As if it wasn’t hard enough to keep lashes from flaking, liner from smudging, and foundation from disappearing halfway through the day, wearing makeup with glasses always seem to add a new set of challenges to your daily routine. Below, we look at 5 key ways to keep your face firmly in place while wearing your favorite frames.
1. Invest in a primer
If you’re constantly sliding your glasses back up your nose or taking them off altogether, you’ll want to ensure that your base is firmly locked down. Both oily and dry skin tones should look for a matte-ifying primer to help keep foundation from disappearing halfway through the day.
2. Go easy on foundation
Really take care to blend out to a thin level of coverage in the areas where your skin touches the frame – namely around your brows, cheeks, and nose bridge. This prevents noticeable dents in your base where the glasses have sunk into the skin.
3. Match your liner to your prescription
Nearsighted? Your glasses are going to make your eyes look bigger, so you’ll want a simpler, subtler look like a soft sweep of pencil along your water line, rather than a full 60s wing. Farsighted? You’re exactly the opposite: your glasses will make your eyes look smaller – which means you’re free to go for a full feline flick with a bold gel liner.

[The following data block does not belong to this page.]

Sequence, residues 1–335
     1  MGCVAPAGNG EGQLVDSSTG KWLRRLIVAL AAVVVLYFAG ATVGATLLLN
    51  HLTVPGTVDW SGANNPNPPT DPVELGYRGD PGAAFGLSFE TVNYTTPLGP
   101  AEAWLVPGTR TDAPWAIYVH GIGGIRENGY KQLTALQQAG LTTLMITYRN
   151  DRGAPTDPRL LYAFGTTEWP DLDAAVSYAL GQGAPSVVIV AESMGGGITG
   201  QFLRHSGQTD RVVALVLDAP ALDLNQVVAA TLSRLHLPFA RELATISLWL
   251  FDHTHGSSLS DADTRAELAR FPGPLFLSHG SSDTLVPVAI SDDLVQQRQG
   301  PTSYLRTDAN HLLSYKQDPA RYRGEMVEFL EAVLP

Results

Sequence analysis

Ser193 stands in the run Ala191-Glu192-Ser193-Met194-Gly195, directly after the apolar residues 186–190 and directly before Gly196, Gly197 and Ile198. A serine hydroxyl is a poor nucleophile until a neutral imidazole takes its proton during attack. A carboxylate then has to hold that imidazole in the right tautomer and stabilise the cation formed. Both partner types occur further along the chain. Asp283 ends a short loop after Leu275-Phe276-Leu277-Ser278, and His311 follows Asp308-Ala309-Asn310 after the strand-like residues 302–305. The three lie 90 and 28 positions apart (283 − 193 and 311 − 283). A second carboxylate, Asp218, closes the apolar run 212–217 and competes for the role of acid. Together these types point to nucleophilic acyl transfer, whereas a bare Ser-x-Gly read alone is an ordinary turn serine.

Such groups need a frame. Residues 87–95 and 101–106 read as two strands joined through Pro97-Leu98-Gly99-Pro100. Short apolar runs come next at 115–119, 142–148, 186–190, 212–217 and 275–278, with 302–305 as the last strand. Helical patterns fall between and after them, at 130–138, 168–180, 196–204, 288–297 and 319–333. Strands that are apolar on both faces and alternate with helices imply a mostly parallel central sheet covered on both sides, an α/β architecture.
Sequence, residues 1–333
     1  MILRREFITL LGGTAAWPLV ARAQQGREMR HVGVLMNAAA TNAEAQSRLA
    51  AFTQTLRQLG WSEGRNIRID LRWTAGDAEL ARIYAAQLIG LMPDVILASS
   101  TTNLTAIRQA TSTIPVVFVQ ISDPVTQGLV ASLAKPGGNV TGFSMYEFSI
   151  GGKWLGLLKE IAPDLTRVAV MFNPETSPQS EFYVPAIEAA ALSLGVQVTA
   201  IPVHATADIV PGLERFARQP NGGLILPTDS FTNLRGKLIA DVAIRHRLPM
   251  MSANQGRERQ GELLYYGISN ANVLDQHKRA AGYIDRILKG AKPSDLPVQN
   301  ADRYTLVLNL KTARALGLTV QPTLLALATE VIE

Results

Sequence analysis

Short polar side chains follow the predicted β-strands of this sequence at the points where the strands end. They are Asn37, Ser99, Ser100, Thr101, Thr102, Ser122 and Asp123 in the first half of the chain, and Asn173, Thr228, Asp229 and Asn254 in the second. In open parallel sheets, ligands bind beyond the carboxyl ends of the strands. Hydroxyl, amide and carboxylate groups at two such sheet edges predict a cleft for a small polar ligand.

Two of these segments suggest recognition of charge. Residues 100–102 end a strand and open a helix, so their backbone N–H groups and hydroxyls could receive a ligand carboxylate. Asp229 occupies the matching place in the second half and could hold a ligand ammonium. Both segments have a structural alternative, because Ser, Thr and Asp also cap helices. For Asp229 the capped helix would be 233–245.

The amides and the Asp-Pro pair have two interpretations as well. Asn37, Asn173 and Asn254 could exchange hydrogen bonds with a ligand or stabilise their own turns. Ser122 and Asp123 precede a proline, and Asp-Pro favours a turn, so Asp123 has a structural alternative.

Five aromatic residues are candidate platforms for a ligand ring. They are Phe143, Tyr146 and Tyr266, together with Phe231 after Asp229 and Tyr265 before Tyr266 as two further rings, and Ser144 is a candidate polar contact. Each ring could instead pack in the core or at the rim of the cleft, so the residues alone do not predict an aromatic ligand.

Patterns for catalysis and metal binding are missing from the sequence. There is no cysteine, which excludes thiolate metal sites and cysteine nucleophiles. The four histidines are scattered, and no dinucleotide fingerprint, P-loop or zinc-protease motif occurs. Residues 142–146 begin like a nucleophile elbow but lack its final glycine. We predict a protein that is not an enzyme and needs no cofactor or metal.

4. Use a shadow that enhances your eyes
Lenses have a way of diminishing your iris’s full glory – so make sure that you pick a shadow shade that works to enhance it instead. Not sure where to start? Follow the color wheel classics: green eyes go well with coppers and aubergines, blue eyes with soft golds and warm browns, hazel eyes with plums and olives, and brown eyes with aquas and bronzes.
5. Frame your face
Filling in your brows with powder or pencil helps to keep them from fading away behind a thick frame. Also: make sure glasses sit above or below your natural brow line so they aren’t lost behind a thick rim of plastic or metal.
Can’t get your lashes and lenses to stop colliding? You may want to take your frames in for an adjustment rather than switching up your mascara — this is a routine sign that your glasses aren’t fitting your face as well as they could.